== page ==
Every individual has a specific genetic makeup, which is what distinguishes them from one another. Sigmund Freud was one of the researchers who had a positive impact on the world of biology by coining the word “Oedipus complex,” which lets scientists and psychologists explain whether certain people adopt or display those behaviors. Sigmund Freud described the Oedipus complex as a disorder in which a child (3-6 years old) develops a compulsion to have sexual intercourse with the parent of the opposite sex (Freud 14). The infant subconsciously maintains this feeling in a mechanism known as complex repression. The scholar further described the term by stating that the condition becomes evident in the third stage of development (the phallic stage) where the origin of libidinal pleasure is in a different erogenous spot of the childs body.
It is right to argue that Hamlet had an Oedipus complex because of how he seemed to get close to his mother after the demise of his father who served as the king of the land. He feels jealous when his uncle shows interest in marrying his mother and this is what prompts him to come up with a plan on how to kill him. Apart from being overprotective of his mother, the leading character makes some statements which openly express the unique feeling he has for his mother. The protagonist mentions at one point when they have a talk with his widowed mother that I rather spend my entire life with you than to let any other person come in between us (Shakespeare). Even though the statement does not appear to have any harm, readers learn that the closeness becomes too much when the two cannot spend longer hours when apart from each other.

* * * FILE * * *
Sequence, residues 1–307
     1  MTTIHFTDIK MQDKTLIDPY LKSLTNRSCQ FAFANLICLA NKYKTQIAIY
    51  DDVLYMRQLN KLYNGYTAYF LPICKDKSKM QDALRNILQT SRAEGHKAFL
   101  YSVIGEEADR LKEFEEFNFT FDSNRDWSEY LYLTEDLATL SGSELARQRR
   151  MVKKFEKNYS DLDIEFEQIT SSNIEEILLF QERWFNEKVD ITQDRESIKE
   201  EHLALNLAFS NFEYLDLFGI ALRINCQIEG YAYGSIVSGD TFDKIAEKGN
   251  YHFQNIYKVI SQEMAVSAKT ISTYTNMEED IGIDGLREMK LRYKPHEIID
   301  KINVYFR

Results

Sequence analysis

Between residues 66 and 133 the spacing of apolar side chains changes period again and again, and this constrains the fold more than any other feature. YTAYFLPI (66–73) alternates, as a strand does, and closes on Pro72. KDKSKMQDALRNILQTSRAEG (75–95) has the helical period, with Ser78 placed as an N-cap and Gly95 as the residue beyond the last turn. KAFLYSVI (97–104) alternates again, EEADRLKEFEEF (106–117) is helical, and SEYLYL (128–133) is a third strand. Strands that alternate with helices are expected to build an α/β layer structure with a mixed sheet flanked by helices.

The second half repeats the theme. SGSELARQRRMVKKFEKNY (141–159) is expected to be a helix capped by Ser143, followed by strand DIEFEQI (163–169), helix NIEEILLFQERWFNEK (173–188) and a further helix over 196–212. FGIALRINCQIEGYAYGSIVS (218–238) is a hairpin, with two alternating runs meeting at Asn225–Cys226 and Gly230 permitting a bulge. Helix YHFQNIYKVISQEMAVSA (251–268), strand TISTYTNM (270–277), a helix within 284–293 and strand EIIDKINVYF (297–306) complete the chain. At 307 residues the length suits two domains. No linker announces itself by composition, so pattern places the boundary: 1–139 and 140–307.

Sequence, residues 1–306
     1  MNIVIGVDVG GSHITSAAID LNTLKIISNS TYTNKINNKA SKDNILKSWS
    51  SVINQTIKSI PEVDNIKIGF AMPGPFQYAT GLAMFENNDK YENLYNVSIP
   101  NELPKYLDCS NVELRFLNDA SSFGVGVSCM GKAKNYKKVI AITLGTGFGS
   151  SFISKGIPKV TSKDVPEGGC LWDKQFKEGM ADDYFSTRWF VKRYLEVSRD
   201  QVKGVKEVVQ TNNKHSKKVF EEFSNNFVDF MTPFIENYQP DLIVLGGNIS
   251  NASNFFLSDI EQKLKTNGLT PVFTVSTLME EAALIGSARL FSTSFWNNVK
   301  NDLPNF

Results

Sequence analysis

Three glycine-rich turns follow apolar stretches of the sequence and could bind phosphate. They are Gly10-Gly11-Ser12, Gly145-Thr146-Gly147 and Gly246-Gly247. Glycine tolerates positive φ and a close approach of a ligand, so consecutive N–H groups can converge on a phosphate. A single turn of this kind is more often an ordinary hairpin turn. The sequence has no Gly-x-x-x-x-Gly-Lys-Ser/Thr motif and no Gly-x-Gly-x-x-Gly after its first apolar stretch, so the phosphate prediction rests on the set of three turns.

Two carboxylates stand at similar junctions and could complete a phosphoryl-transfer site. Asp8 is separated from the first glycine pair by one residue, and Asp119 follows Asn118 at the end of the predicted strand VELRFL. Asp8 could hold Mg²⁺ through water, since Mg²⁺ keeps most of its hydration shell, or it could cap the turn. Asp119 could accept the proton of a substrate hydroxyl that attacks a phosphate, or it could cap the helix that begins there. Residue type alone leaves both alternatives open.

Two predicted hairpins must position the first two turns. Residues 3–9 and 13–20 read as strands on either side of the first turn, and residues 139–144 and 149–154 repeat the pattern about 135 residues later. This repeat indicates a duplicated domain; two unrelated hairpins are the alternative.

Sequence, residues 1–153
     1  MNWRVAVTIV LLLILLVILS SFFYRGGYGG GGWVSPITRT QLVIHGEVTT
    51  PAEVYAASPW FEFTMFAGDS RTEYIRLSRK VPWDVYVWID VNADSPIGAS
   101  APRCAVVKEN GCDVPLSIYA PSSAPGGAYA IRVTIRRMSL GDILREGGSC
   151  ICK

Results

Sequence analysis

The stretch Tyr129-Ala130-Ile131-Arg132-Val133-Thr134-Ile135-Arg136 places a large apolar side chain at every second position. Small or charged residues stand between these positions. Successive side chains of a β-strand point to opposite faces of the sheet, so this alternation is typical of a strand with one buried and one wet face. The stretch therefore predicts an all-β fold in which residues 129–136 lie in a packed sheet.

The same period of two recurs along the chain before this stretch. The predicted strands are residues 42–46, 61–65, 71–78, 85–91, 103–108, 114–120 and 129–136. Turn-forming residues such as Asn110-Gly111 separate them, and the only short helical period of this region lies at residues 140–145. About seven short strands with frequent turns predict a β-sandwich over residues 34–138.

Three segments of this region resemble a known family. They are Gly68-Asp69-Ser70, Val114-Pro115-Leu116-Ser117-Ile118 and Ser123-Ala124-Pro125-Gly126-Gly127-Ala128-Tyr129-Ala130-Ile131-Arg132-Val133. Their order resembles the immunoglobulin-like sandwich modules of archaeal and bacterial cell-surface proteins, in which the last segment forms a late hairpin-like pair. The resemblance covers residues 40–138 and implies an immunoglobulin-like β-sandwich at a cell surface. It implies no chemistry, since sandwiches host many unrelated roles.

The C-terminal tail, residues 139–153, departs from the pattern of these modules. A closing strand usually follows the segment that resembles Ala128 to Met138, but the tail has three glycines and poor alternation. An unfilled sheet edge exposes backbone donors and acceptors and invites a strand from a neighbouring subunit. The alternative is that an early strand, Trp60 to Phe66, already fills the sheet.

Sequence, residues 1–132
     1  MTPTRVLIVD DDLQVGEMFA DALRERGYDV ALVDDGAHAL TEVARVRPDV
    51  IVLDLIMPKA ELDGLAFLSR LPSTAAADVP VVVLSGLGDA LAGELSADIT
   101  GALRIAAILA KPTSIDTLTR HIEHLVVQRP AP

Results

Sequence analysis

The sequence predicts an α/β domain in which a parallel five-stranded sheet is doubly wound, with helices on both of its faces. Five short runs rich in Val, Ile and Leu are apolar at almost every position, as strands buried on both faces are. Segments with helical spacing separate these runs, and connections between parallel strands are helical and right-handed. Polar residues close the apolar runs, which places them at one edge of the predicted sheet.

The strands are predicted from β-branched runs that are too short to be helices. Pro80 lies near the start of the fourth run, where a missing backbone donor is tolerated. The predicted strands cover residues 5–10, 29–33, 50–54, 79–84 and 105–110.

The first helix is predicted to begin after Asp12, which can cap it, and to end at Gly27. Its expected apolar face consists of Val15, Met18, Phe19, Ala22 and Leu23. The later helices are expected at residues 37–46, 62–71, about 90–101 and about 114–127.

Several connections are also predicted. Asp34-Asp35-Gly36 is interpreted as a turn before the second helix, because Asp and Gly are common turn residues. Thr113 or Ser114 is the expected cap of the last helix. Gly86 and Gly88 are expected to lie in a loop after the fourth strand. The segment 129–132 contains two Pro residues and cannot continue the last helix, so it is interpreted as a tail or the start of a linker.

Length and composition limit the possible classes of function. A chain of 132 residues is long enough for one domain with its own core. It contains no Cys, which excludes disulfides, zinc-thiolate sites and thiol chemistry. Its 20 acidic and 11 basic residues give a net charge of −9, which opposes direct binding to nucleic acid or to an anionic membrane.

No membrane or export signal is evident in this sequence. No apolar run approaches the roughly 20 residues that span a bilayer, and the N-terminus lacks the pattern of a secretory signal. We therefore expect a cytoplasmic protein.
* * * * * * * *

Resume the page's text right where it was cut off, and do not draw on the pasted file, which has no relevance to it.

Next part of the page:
Freud, Sigmund. The Interpretation of Dreams. New York: Basic Books, 2010. Print.
Shakespeare, William. The Tragedy of Hamlet, Prince of Denmark. N.a
http://shakespeare.mit.edu/hamlet/full.html. Accessed March 20, 2017.